Private Ownership to Save Species

Environmentalists don't want to admit it, but the Endangered Species Act (ESA) is a failure. Passed with the noble goal of recovering diminishing populations of wildlife, the means it uses to achieve that goal are cumbersome and ineffective.

At most, the law can take credit for saving only two or three species, while it has witnessed the extinction of many more. Species such as bald eagles and peregrine falcons have recovered, not due to the ESA but to entirely separate actions, such as the Environmental Protection Agency's ban of DDT a year before the ESA was passed.

The prairie dog and black-footed ferret illustrate the failings of the ESA. The federal government declared war on prairie dogs, a minor nuisance to ranchers, in 1916. Eventually, federal poison campaigns helped to wipe prairie dogs from 98 percent of their range.

Fortunately, prairie dogs are prolific. But by the mid-1970s, one species, the Utah prairie dog, was so reduced in numbers that the Fish & Wildlife Service listed it as endangered.

It turned out that the main threat to the Utah prairie dog was, guess who?--the Fish & Wildlife Service, which at that time was the federal agency in charge of wildlife pest control. It immediately stopped poisoning the Utah prairie dog and within a few years the happy prairie dogs recovered.

Not so happy is the black-footed ferret, a weasel-like predator that eats prairie dogs and lives in prairie dog burrows. It is a law of ecology that, when you try to eradicate a prey species, the predator goes first. Long before the ESA was passed, the black-footed ferret was known as "the most endangered mammal in North America."

For many years, both before and after the ESA was passed, the Fish & Wildlife Service fretted about the ferret. But it never seriously considered ending its campaign to poison prairie dogs, which after all was the reason why the ferret was endangered.

Finally, in 1984, the last ten living ferrets were captured and the species has since been bred in laboratories and zoos. Even today, federal agencies continue to poison prairie dogs (except in Utah) and the biggest obstacle to recovery of a wild population of ferrets is the lack of any places with enough prairie dogs to support a ferret population. (The second biggest problem is figuring out how to train captive prairie dogs to survive in the wild.)

Environmentalists like to describe the ESA as "the strongest environmental law ever passed." But if it isn't strong enough to stop federal agencies from killing the black-footed ferret's prey on federal land, what good is it?

Although most of the debate over the law is recent times has been over private property rights, it turns out that most listed species are largely threatened by federal subsidies or programs. The unfortunate debate over property rights has given private property the image of being the enemy of endangered species. In fact, it may be their salvation.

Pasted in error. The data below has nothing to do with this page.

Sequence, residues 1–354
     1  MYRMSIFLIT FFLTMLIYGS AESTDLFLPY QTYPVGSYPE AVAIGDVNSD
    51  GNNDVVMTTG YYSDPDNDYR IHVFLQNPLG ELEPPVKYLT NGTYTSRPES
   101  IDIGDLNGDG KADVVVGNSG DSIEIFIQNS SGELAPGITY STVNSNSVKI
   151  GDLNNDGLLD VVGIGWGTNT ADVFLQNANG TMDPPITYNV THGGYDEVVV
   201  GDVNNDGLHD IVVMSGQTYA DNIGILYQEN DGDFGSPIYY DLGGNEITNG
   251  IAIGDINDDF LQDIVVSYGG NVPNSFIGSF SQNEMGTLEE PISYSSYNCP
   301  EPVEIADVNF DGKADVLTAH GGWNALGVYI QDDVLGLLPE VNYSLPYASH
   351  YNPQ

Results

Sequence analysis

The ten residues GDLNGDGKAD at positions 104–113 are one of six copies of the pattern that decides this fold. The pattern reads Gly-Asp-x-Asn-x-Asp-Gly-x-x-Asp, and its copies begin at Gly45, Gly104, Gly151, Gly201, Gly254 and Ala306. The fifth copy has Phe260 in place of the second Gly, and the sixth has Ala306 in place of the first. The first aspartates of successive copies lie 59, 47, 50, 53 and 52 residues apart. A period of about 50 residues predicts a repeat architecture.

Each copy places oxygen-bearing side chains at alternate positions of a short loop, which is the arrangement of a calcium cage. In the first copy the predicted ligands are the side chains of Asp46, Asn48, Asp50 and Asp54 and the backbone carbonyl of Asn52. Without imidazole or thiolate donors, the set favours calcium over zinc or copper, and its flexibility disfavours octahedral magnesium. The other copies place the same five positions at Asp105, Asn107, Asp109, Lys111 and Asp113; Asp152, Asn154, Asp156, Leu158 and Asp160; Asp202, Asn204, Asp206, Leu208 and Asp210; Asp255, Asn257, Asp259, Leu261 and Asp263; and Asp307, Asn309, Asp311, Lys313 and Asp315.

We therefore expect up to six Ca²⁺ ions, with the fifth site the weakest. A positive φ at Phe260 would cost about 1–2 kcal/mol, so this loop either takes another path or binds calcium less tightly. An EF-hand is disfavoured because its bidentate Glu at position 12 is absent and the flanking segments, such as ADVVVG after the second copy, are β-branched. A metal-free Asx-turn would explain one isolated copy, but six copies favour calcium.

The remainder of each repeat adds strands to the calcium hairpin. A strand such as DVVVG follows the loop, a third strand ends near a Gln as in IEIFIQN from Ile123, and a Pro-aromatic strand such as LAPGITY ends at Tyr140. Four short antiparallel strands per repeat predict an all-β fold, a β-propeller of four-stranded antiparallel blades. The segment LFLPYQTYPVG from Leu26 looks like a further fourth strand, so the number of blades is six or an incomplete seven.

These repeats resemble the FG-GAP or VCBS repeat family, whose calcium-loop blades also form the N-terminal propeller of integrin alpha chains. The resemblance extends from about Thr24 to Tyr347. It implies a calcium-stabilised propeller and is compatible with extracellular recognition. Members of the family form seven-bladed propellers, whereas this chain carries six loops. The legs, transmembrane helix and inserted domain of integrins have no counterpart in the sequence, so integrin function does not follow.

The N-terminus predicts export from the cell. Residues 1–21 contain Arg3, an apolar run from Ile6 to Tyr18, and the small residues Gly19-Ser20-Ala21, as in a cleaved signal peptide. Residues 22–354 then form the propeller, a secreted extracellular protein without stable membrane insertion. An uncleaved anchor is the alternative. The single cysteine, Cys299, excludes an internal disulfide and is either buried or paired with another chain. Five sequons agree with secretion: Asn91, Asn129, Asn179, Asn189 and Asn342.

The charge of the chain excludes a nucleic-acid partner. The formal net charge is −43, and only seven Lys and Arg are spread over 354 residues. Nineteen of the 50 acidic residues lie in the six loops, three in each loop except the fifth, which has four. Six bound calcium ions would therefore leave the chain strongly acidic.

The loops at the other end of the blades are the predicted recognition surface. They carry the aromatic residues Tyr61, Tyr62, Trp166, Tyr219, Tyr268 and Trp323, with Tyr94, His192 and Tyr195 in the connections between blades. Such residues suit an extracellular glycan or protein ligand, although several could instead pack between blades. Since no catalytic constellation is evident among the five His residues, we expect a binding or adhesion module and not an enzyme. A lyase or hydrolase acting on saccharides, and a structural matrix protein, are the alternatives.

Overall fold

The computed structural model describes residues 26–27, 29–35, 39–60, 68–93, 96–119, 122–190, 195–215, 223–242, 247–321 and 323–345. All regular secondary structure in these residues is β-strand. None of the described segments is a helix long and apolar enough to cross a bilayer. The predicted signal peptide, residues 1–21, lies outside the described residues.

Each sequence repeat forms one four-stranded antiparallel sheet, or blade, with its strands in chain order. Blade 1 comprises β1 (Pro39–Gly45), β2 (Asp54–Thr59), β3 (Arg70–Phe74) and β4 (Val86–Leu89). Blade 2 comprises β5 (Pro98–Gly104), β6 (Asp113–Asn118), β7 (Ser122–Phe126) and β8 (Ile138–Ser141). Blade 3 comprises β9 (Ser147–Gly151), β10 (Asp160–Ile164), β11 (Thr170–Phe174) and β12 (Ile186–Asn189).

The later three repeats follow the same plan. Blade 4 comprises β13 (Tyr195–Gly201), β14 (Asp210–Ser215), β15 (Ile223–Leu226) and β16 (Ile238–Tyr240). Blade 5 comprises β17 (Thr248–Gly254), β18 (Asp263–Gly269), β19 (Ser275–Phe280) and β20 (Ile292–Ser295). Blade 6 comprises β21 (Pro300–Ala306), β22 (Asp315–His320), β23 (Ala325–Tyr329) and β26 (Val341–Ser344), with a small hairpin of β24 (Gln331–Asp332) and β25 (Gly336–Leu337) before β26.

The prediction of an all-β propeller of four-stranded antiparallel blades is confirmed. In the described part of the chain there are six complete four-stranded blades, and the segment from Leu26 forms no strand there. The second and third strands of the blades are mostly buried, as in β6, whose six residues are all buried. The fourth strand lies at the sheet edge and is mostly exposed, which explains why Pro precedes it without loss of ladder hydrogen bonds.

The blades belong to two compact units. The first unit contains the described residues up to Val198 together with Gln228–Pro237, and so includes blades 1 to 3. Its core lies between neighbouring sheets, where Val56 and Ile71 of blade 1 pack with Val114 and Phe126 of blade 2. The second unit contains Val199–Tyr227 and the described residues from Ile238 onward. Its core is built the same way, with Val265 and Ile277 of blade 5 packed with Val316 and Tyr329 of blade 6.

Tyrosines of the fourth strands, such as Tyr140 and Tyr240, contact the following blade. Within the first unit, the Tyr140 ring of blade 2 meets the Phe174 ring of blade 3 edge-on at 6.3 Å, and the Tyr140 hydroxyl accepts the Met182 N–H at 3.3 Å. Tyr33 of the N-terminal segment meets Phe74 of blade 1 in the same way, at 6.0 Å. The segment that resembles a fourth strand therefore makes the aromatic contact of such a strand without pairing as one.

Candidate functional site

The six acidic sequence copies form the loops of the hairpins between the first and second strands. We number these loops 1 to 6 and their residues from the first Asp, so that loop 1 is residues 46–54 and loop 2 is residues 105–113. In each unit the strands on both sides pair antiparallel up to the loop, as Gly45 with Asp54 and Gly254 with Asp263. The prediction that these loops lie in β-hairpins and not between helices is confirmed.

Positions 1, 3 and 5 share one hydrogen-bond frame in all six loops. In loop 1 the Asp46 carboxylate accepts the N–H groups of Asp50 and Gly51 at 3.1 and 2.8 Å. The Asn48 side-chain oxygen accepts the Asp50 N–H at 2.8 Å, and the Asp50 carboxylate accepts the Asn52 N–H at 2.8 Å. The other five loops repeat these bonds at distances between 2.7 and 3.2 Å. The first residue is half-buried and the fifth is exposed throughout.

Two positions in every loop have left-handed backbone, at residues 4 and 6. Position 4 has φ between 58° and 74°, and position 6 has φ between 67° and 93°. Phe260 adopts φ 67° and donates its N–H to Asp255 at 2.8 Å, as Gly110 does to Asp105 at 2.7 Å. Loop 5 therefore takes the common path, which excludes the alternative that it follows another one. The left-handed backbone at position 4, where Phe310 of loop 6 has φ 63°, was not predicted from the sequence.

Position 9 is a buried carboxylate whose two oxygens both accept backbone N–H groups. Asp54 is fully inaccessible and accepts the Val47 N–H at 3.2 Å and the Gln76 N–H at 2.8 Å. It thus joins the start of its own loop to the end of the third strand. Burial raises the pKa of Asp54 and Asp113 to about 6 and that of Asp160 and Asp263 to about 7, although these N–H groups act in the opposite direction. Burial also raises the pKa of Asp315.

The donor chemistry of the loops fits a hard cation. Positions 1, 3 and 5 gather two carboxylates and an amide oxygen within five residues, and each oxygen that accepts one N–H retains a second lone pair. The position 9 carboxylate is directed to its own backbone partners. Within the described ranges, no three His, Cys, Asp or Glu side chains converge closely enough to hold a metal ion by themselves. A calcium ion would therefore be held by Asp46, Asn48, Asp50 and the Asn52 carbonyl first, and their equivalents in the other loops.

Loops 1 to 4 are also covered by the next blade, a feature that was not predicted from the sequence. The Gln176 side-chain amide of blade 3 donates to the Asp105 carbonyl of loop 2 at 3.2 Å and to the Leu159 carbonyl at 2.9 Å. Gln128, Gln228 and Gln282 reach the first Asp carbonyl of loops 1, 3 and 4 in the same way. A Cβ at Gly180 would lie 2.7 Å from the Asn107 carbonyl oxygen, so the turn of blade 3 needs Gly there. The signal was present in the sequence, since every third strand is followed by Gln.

The real cause of species endangerment isn't addressed by either the ESA or any of the amendments being considered by Congress. It is the fact that we treat wildlife as a commons. Just as two boys with two straws and one bottle of soda pop will drink the soda much faster than if they each have their own glass, no one has any incentive to protect commonly owned fish and wildlife.

It is time to consider the possibility of private ownership of wildlife. Such ownership will not solve all endangered species problems, but it could help many.

In some cases, people would be allowed to own individual animals. Just as dog breeders compete in sheep herding and other exercizes, black-footed ferret owners might compete on their ability to raise ferrets that can survive in the wild.

In other cases, ownership might extend to entire populations or even a whole species. There are nearly 300 distinct stocks of Northwest salmon. Let's try giving a few to Indian tribes, sports or commercial fishers, or other entities to see how well they do in recovering them.

Ownership of wildlife should not seem a radical idea. People own trees, flowers, water, soil, rocks, land, and other natural resources. Under British common law, landowners can own the fish and wildlife on their land. Since landowners were a tiny minority in Britain, this seemed undemocratic, and we decided to let everyone--and no one--own wildlife.

As it turns out, this decision is why so many species are endangered. The best thing Congress can do to save species would be to let the Fish & Wildlife Service experiment with private ownership of fish and wildlife.

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